Bruce Blair, Crusader for Nuclear Arms Control, Dies at 72


Among his many books was “Strategic Command and Control: Redefining the Nuclear Threat” (1985). He was also executive producer of the documentary film “Countdown to Zero” (2010) and established or ran a number of think tanks and advocacy groups, including the Center for Defense Information (later known as the World Security Institute) and the Nuclear Crisis Group.

Bruce Gentry Blair was born on Nov. 16, 1947, in Creston, Iowa, to Donald and Betty Ann (Bruce) Blair. His father was a hardware salesman and a veteran of 17 bomber missions over Germany during World War II. His mother was a homemaker.

After graduating from the University of Illinois with a bachelor’s degree in communications in 1970 and serving in the Air Force from 1970 to 1974, Dr. Blair began graduate studies at Yale. He left to work for the congressional office in Washington and returned to Yale to complete his doctorate in operations research in 1984.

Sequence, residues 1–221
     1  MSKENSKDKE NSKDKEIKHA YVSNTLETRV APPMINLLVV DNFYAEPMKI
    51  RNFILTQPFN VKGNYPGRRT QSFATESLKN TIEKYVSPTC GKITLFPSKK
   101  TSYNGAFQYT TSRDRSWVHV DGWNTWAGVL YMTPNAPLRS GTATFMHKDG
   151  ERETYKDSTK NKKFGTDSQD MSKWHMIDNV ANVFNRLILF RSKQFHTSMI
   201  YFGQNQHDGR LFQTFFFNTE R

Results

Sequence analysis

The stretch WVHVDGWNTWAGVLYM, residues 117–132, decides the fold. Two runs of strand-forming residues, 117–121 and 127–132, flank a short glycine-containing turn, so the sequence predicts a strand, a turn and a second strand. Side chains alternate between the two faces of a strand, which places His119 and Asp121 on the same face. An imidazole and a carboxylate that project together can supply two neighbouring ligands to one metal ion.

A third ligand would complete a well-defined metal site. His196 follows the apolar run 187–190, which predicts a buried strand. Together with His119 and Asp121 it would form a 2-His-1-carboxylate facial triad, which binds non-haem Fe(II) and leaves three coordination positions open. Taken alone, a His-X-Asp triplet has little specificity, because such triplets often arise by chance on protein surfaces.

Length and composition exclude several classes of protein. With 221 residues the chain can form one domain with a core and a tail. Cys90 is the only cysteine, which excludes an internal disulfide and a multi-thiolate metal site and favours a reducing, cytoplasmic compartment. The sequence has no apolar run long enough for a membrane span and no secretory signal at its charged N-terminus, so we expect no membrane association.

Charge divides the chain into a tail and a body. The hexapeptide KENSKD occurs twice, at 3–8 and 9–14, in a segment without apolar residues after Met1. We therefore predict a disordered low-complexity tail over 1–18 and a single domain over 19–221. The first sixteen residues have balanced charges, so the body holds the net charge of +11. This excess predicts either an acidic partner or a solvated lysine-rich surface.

His marriages to Cindy Olsen Hart and Monica Manchien Yin ended in divorce. In addition to his wife, his survivors include two daughters from his first marriage, Carrie Blair Shives and Erica Blair Lockney; a daughter from his second marriage, Celia Paoro Yin-Blair; a son from his third marriage, Thomas Onesti Blair; his mother; three sisters, Kathy Donzis, Jill Firszt and Jann Jarvis; and seven grandchildren. He lived in New Hope, Pa.

In a statement, Sam Nunn, the former Democratic senator from Georgia and a co-chairman of the Nuclear Threat Initiative, who wrote legislation to help Russia reduce its weapons stockpile, called Dr. Blair “an extraordinary public servant who committed his life to reducing nuclear risks around the world.”

Dr. Blair never forgot his time in a missile bunker. He wanted warheads separated from missiles, and he feared that weapons could be acquired by terrorists or rogue states.

In an Op-Ed article in The New York Times in 1993, he warned of a Soviet doomsday system that could automatically launch a nuclear counterattack even if Moscow’s military command were wiped out. On another occasion, interviewed for the PBS program “Frontline,” he said, “We need to recognize that the primary challenge that we face today is not deterrence but a failure of control, particularly in Russia.”



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